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7 Reasons to Take More Risks the Older You Get

Despite some popular beliefs, you can take more chances as you age.

Key points

  • Society may say that risk-taking is for younger folks, that you need to be more careful when you get older.
  • But many opinions can be self-serving, since others can view younger folk as more gullible, less threatening. 
  • When you've seen more and done more in life, you may be in a better position to take more chances.
  • Don't accept any box that society and others may place around you simply because of your age.
Matthias Clamer/Getty
When you get older, your perspectives can change quite dramatically.
Source: Matthias Clamer/Getty

OK, maybe these days you can't stomach some of the risks that you took in your younger years, such as eating that piece of pizza that you found on your couch or doing anything involving a beer bong. But that doesn't necessarily mean that you should be less risk-taking overall the older you get.

In fact, quite the opposite. When you've seen more and done more in life, you may be in a better position to take more chances and go after what you really want. Here are seven reasons why:

1. You may have more of a financial cushion when you are older.

When you are in your 20s, your financial cushion may look flimsy. In fact, if you were anything like me, you might have chosen a career path in college aiming to achieve some degree of financial security that you didn't have as a child. You might not have had the luxury of "doing what you enjoy" or "following your passions." Instead, your motivation may have been more like "doing whatever you can to avoid ending up in a dumpster" or "following something that allows you to eat." Since you can't quite choose the family that you are born or adopted into, maybe you've had to wait until you had some type of financial safety net before finally doing what your heart has been telling you to do.

2. You know yourself better.

When you were in college, you probably didn't know a whole lot. In fact, you may not have even known how little you knew about many things, including yourself. If you were anything like me, you probably had no real understanding of your own true strengths and interests. As a result, you may not have known what you were willing to take risks for and thus taken the default do-whatever-everyone-else-is-trying-to-do path. However, a magical thing can happen when you finally know yourself: You can know that you have to follow your own heart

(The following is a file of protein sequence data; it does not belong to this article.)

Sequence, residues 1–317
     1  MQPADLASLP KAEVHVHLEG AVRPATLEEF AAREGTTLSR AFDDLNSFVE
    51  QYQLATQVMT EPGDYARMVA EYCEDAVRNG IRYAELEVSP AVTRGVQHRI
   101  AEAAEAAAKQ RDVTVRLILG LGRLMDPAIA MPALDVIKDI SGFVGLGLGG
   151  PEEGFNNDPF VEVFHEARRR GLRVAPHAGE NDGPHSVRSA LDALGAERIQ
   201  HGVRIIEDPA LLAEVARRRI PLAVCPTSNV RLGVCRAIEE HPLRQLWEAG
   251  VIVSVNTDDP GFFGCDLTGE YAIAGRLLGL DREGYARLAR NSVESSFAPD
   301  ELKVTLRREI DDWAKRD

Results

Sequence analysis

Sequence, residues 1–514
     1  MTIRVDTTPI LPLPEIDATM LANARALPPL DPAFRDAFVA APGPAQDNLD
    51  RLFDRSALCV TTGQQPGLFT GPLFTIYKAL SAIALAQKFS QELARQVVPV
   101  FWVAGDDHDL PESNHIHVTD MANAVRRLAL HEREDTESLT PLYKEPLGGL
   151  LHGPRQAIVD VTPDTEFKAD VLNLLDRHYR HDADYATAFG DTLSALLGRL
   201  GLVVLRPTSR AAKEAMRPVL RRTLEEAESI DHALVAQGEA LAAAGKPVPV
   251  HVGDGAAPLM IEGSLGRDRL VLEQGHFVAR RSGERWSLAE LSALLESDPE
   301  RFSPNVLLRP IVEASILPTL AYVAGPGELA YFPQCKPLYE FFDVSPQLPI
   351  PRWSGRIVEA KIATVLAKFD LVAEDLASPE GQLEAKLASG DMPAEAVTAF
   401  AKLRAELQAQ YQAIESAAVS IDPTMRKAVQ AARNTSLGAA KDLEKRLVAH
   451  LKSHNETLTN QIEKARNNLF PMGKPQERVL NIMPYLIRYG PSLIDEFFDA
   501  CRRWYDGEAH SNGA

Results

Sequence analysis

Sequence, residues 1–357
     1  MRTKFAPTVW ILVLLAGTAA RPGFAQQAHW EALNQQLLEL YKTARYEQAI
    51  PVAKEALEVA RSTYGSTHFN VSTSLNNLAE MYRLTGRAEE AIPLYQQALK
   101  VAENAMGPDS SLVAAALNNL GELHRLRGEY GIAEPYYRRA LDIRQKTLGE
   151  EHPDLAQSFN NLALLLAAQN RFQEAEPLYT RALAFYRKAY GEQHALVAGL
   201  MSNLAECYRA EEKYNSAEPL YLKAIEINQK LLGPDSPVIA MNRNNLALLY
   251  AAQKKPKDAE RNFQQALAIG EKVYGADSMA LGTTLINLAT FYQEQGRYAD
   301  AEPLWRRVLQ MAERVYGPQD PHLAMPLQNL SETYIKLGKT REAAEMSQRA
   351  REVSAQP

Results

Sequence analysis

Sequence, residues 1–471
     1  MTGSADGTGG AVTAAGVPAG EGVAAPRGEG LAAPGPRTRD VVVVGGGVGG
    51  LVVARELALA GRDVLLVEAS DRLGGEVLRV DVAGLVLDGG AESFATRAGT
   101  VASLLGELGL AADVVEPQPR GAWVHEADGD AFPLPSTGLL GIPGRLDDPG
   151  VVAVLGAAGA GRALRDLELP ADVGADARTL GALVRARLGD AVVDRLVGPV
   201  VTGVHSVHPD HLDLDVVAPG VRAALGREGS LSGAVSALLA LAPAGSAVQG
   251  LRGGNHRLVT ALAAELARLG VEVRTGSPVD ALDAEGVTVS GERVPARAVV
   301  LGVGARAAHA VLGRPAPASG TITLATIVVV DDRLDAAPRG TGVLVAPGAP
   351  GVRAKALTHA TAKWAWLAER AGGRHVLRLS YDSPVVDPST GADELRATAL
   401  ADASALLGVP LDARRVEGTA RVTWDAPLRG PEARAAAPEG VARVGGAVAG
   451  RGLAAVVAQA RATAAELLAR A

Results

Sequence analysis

3. You have more skills, expertise, and experience.

With age, like Gouda cheese, you can get better at everything. In turn, this gives more wherewithal to take more chances.

4. Things can seem less scary.

Remember in high school when it was petrifying to ask someone to the prom or to eat alone in the cafeteria, probably because you feared rejection and judgment? Heck, I remember asking someone "safe" to my junior prom only to see her dance with her crush there. Well, after being rejected by many people for many things over the years, I can now more effectively reject the notion of giving a bleep.

5. You understand the finiteness of time.

The older you get the more you realize how time flies and how tomorrow is never guaranteed.
Source: STILLFX/Getty

When you are in your teens and early adulthood, time can seem a bit endless. You can believe that there is always tomorrow to do something that you really want to do. But over time, seeing others get injured, become sick, and even pass away makes you realize more and more that tomorrow is never guaranteed. Time really starts flying by as you see many people not being able to fulfill their plans and dreams. All of this can highlight the real risks of not taking risks in life: the risk of should-ing all over yourself when you finally do run out of time.

6. You care more.

Experiencing the ups and downs of life can give you more empathy for others and more passion to make positive changes in the world. When you finally care for something or someone beyond or bigger than yourself, that's when many risks seem worth taking.

7. You care less.

At some point in life, you no longer feel that you have to maintain a certain position, status, or image to impress others. You begin to understand how meaningless all of the superficial trapping and appearances actually are and thus are more willing to risk losing them. It can become more apparent how fickle many people can be and how spending your life trying to impress them is a genuine waste of time. Ultimately, the people who really matter in your life are your true friends, who should remain in your camp regardless of what happens, and yourself, who presumably won't bail on yourself.

A big part of maturing is recognizing that what society often says doesn't really matter. Society can try to tell you what you should be and feel when you get older. Silicon Valley investors can try to tell you that younger people make better entrepreneurs even though that's not necessarily the case. Hollywood can tell you that they'd rather take chances on a younger actor even though many studio heads are not exactly spring chickens themselves. Companies can make it seem like younger folks have more upside even though no amount of training can replace experience. But such opinions can be self-serving, since people in power can view younger folks as more gullible and less threatening.

In the end, don't accept any box that society and others may place around you simply because of your age or any other demographic such as your sex, gender, race/ethnicity, or background. You yourself should decide what type of risk you are willing to stomach and what chances are worth taking. But all along remember that there is risk in everything, including not taking enough risks in your life.

More from Bruce Y. Lee M.D., M.B.A.
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